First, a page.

ACROSS the Chamber, Jeremy Corbyn has equally serious problems with party discipline: many of his parliamentary troops are deeply unhappy with his leadership, and he has lost eight MPs to the new force, the Independent Group. One MP, who sympathised with the departed but remained within Labour, told me wistfully that he did not think the prospects for TIG were great, “but they looked so happy.”
The combination of a hung Parliament, in which the Government does not command an automatic majority, the Fixed-term Parliaments Act, which prevents a Prime Minister’s holding a snap General Election, and an increased tendency of MPs to work with one another across party lines would make life tough for any government — but Brexit makes it almost impossible. It cuts through normal party alignments, creates new dividing lines, where once there was solidarity, and transfers power from compliant middle-ground MPs to well-organised factions of ultras.
Earlier generations of MPs could take refuge in anonymity. But not this one. The Commons elected in 2017 is the most scrutinised in history. Every word and every facial twitch can be replayed on the BBC Parliament channel, or on Parliamentlive.tv, and then publicised, criticised, and denounced via social media. Edmund Burke could get away with his famous assertion that an MP owed the voters his (it was always “his” in that era) judgement rather than his obedience, because, when he said it, it was illegal to report the proceedings of Parliament; he never faced the glare of publicity that modern MPs endure.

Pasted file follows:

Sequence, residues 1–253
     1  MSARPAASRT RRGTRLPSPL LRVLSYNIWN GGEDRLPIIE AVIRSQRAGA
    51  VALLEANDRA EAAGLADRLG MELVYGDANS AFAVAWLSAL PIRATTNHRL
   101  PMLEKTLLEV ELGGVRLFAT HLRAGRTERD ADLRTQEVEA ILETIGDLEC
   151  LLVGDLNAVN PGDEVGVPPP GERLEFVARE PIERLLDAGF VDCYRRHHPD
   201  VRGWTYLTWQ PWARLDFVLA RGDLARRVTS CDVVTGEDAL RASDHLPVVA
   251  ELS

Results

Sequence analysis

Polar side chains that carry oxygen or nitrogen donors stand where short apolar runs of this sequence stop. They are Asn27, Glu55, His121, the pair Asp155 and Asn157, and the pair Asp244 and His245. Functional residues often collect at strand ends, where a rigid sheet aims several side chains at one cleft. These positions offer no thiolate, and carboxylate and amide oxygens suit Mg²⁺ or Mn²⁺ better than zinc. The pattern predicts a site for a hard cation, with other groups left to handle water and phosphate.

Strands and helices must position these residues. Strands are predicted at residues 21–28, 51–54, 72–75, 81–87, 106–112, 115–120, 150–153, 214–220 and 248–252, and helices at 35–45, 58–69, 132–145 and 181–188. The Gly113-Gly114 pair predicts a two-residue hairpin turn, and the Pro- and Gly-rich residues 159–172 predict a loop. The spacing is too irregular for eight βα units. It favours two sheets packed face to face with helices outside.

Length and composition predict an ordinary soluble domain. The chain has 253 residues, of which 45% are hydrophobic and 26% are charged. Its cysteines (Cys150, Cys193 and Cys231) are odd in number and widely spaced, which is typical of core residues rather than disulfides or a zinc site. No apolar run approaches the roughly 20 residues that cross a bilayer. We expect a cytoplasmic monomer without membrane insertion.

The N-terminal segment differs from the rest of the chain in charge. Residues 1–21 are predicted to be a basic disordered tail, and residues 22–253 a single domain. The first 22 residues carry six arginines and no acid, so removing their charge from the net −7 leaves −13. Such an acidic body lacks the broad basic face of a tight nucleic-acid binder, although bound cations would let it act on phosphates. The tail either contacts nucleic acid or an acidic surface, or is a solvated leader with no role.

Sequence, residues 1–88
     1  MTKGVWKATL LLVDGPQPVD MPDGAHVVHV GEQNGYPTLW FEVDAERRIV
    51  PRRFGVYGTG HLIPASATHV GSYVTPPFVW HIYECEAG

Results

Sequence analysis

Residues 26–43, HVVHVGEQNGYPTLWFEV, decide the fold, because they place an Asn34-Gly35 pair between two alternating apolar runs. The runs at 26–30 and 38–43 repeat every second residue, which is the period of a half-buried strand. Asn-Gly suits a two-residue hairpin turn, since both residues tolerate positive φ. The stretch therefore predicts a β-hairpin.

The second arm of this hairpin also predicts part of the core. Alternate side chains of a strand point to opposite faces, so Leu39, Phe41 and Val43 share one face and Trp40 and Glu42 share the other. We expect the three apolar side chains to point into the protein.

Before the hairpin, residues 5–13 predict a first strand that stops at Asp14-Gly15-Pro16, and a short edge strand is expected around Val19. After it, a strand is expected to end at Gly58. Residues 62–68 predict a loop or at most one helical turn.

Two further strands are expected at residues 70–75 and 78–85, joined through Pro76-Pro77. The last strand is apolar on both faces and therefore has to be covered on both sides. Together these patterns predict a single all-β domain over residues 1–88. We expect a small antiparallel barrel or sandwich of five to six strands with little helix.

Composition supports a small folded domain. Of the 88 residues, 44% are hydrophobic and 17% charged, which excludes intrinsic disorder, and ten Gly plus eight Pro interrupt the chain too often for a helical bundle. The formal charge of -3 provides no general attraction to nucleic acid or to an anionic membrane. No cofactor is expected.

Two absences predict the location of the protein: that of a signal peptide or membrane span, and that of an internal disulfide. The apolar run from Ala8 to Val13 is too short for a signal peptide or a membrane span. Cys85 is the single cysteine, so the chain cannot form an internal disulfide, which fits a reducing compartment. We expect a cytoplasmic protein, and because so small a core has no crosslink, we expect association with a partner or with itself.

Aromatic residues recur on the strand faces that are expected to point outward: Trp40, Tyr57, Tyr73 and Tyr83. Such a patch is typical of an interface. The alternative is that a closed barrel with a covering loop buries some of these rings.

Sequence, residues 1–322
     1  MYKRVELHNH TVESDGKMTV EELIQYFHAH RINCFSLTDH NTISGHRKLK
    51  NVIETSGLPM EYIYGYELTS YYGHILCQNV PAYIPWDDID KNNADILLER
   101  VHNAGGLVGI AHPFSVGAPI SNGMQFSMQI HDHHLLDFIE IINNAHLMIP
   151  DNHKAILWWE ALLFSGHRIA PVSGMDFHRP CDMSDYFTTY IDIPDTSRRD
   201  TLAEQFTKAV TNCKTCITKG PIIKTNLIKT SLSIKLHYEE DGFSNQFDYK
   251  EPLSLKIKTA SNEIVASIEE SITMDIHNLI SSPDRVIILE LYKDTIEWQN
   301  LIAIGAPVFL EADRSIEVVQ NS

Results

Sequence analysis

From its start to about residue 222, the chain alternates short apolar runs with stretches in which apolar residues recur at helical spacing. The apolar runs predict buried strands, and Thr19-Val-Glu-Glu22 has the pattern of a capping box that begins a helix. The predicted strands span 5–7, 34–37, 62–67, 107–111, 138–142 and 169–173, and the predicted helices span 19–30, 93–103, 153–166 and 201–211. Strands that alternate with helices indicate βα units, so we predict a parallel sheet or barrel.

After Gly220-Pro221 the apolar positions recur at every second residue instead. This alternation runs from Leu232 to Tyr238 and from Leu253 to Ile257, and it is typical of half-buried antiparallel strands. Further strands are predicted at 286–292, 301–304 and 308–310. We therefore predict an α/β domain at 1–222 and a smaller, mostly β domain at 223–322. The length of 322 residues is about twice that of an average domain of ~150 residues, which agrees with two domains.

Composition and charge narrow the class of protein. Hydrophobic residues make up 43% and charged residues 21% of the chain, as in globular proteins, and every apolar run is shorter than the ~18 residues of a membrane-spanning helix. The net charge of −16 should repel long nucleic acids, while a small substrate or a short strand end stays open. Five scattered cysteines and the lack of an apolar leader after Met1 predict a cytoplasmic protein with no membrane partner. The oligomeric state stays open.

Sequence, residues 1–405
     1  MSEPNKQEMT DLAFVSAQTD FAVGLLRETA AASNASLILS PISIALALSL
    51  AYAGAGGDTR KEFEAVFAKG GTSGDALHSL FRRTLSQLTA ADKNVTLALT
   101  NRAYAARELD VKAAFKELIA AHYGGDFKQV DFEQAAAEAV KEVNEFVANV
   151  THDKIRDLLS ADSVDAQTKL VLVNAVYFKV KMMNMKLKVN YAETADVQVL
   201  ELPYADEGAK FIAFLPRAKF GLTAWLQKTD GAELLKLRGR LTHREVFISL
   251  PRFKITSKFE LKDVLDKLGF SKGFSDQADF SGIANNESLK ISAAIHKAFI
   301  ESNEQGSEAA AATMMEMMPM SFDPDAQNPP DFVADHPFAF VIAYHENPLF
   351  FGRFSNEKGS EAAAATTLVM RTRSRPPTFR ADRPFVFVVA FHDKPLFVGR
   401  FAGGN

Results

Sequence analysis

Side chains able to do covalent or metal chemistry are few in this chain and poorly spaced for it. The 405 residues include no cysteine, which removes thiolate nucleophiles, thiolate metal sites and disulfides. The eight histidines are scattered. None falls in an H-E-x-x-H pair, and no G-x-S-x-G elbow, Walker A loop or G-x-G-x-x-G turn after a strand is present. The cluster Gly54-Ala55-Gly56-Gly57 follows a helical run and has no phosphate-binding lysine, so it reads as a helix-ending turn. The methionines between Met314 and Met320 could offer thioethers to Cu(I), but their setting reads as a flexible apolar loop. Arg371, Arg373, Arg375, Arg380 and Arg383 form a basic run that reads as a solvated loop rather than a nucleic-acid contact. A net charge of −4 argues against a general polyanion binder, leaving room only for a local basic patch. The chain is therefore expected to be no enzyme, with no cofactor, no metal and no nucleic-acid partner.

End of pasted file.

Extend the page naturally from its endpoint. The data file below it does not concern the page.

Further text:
The current political environment is dangerously toxic: there is a nasty undercurrent of violence. The Speaker’s Chaplain and the Bishops have been reaching out to provide stressed and pressurised MPs with pastoral support. Perhaps what is needed is a revival of the lost art of disagreeing well — which may be where the Archbishop of Canterbury’s Brexit tea-and-sympathy events in parish churches could come in (News, 22 March). The politics of Brexit do not lend themselves to understanding or respectful differences; but a wounded, divided, sometimes embittered country needs those things now more than ever.
A SHORT postponement of Brexit buys our politicians a little breathing space — but not enough to change the choices before Parliament. It does not give enough time to pivot to a new position, such as a “Norway Option” soft-Brexit, based on membership of the European Economic Area; so, the choices are some reheated version of the PM’s deal, a no-deal exit (maybe “managed”, maybe not), a longer postponement, or no Brexit at all. A longer postponement opens up many more options, including a further referendum, or maybe a General Election, not to mention leadership battles in the two big parties.
What is lacking in all this is a “sweet spot”. There is no option that brings the country together without a substantial group crying “Betrayal!” And maybe that accounts for some of the paralysis: when there is no way out, the instinct is to hunker down. But, in spite of the proposed modest postponement of Brexit, time is still running out.
Mark D’Arcy is the Parliamentary Correspondent for BBC News.